by MARTY DEMAREST & r & & r & Halo 3 & r & Rated Mature; Xbox 360 & r & & r & & lt;span class= "dropcap " & T & lt;/span & he left joystick moves me forward, backward and from side to side. I can pan the view right or left, up or down, depending on the tilt of the joystick under my right thumb. My gun sits pointing solidly at the center of the screen, waiting for me to spin the landscape until something -- most likely a lumbering alien monstrosity -- moves through my crosshairs. Then I just need to pull one of the triggers waiting beneath my fingers.
Halo 3's control scheme -- unchanged from the previous two Halos -- seems like a revolution in this season's lineup of motion-sensitive, point-and-shoot controls for action games. Metroid Prime 3: Corruption had me waving the Wii Remote in the air in order to aim and turn. Lair required me to suspend the PS3 controller in my hands and tilt it as though it were an aircraft. Halo 3 puts the controls back under my thumbs.
"If it ain't broke, don't fix it," was a rule followed by Bungie -- the makers of all three Halo games. Halo 3 simply takes everything that they had put in the Halo universe -- multiple races, gobs of guns, vehicles to fly and drive -- and plunks it all into bigger, more detailed levels. Even the storyline is much the same, played out on epic battlefields.
These are not the borderless outdoors of Oblivion or the moody corridors of BioShock, but vast combat arenas with precipices for sniping and serpentine hallways to run through with guns blazing. The fields are expansive enough to maneuver aircraft through, firing at enemies flying vehicles just as large. There is nothing new here, just the best combat game taken to a greater level.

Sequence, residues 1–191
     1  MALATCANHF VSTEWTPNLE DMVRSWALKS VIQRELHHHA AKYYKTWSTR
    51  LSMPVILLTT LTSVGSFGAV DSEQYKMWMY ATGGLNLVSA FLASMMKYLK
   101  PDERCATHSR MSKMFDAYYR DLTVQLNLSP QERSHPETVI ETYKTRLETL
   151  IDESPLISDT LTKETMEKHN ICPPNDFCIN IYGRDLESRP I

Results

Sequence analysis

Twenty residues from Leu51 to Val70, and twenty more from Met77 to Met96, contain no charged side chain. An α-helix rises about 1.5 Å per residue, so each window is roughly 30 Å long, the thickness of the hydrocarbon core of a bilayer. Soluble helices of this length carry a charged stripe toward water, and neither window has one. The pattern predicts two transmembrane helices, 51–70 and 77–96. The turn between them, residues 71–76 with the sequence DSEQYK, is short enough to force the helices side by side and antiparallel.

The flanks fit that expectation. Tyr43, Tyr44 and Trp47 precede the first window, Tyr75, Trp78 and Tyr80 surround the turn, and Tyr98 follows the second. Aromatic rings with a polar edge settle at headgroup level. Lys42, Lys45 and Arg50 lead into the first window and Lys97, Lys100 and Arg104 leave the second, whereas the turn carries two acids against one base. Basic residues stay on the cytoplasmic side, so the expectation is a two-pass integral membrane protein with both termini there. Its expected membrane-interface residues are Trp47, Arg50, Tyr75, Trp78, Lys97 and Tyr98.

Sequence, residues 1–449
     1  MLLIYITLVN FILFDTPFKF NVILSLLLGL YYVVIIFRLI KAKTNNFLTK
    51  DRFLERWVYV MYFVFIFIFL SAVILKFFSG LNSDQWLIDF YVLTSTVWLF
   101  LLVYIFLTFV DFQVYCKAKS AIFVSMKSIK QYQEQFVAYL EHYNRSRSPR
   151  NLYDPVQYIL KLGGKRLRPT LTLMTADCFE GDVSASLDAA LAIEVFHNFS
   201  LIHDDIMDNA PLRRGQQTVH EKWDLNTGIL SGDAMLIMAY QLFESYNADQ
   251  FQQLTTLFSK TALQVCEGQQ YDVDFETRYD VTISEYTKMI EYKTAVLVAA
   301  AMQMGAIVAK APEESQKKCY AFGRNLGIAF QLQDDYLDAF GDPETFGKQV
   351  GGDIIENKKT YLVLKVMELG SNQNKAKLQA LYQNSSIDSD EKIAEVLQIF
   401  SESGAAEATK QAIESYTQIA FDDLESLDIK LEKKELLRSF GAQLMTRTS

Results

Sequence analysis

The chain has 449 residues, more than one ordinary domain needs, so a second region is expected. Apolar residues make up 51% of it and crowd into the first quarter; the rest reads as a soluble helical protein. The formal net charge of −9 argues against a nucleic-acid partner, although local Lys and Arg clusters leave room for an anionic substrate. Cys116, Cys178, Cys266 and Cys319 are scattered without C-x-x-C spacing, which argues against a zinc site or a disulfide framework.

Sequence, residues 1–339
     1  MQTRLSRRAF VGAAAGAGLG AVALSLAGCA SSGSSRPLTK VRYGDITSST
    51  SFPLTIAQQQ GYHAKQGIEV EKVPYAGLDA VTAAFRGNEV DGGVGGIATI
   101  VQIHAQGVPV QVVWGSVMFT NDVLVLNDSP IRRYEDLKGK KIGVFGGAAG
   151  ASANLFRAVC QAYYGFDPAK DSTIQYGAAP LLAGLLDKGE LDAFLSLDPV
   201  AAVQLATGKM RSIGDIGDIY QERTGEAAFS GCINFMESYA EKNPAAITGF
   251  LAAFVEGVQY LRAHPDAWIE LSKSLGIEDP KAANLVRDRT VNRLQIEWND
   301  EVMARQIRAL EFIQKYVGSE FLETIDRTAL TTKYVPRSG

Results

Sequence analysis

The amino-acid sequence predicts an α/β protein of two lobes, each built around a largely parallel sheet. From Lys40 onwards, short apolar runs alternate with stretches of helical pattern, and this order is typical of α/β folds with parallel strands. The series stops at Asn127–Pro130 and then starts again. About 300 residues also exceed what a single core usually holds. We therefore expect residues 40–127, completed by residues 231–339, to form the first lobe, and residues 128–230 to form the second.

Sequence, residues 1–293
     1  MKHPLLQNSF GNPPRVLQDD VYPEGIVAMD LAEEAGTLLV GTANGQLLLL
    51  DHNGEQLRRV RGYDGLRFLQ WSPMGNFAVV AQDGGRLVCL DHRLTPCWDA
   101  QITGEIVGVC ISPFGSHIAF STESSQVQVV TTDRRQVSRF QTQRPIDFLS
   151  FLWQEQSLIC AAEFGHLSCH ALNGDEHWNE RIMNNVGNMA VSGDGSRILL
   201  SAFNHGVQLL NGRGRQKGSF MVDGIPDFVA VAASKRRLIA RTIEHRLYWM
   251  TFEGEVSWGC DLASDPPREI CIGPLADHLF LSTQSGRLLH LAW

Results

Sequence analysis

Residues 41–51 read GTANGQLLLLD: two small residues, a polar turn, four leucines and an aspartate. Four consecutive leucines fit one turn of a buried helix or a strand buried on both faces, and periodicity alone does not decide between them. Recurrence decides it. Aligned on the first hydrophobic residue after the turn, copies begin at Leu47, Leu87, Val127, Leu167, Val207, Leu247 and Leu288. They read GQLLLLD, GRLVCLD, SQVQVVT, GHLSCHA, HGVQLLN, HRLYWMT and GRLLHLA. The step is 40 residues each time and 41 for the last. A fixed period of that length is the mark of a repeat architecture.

Vehicles still drive with controls that are as responsive as a radio-controlled model, and they flip and roll almost as easily. But this builds on the arcade feeling of free-flowing action that Halo has coasted along with now for three great games. Bungie has managed to achieve something only The Lord of the Rings has done: deliver a kick-ass trilogy without compromising it. I hope they leave Halo alone now and do something even better.
THE GOOD: This season, games are trying to distinguish themselves with gimmicks, but Halo 3 stands out for trying nothing new and doing the old stuff better than ever. Despite the absence of motion sensitivity and self-illuminating neon-bright color palettes, Halo 3 can pack a battlefield with flames, bullets, bombs and airplanes, and the combat never slows down or skips a beat. No other current console shooter can boast that.
THE BAD: Thousands of gamers bought Xbox 360s just to play Halo 3, and while they won't be disappointed by the game itself, it's not the most beautiful showcase for the machine. Lights -- from the white of the sun to the blues of electrical sparks -- don't illuminate figures as intricately or as moodily as they did in BioShock. Absent as well is the ballistics precision of Resistance. It feels just as easy to shoot across one of Halo 3's vast combat arenas as it does to pick off an enemy who's in the same room.
THE BOTTOM LINE: Halo 3 is a worthy climax to the Halo series and a summary of everything good about videogame shooters to date.
The new one is smart and funny and action-packed, and it’s bigger and better and sleeker. And Downey does it again, this time ramping up Stark’s arrogant wisecracking, telling anyone who’ll listen (mostly women) that, via the creation of his powerful Iron Man suit, he’s brought years of uninterrupted peace to the world.